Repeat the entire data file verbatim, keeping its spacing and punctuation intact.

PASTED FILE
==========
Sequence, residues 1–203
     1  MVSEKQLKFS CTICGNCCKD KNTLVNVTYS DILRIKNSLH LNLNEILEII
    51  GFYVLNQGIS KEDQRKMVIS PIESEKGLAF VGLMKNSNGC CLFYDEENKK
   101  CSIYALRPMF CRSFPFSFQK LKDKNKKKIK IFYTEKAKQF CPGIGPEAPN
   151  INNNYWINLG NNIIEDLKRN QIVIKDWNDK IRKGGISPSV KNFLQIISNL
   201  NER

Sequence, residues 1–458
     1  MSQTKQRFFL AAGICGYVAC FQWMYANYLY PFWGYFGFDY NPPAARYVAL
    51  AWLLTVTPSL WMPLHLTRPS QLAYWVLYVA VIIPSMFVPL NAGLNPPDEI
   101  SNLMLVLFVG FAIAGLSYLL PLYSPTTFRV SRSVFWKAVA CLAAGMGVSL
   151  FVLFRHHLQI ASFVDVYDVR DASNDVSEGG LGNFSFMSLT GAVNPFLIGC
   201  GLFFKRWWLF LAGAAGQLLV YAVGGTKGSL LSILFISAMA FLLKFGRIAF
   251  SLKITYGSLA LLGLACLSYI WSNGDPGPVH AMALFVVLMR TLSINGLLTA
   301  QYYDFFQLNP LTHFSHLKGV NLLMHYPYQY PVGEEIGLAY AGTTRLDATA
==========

Sequence, residues 1–203
     1  MVSEKQLKFS CTICGNCCKD KNTLVNVTYS DILRIKNSLH LNLNEILEII
    51  GFYVLNQGIS KEDQRKMVIS PIESEKGLAF VGLMKNSNGC CLFYDEENKK
   101  CSIYALRPMF CRSFPFSFQK LKDKNKKKIK IFYTEKAKQF CPGIGPEAPN
   151  INNNYWINLG NNIIEDLKRN QIVIKDWNDK IRKGGISPSV KNFLQIISNL
   201  NER

Sequence, residues 1–458
     1  MSQTKQRFFL AAGICGYVAC FQWMYANYLY PFWGYFGFDY NPPAARYVAL
    51  AWLLTVTPSL WMPLHLTRPS QLAYWVLYVA VIIPSMFVPL NAGLNPPDEI
   101  SNLMLVLFVG FAIAGLSYLL PLYSPTTFRV SRSVFWKAVA CLAAGMGVSL
   151  FVLFRHHLQI ASFVDVYDVR DASNDVSEGG LGNFSFMSLT GAVNPFLIGC
   201  GLFFKRWWLF LAGAAGQLLV YAVGGTKGSL LSILFISAMA FLLKFGRIAF
   251  SLKITYGSLA LLGLACLSYI WSNGDPGPVH AMALFVVLMR TLSINGLLTA
   301  QYYDFFQLNP LTHFSHLKGV NLLMHYPYQY PVGEEIGLAY AGTTRLDATA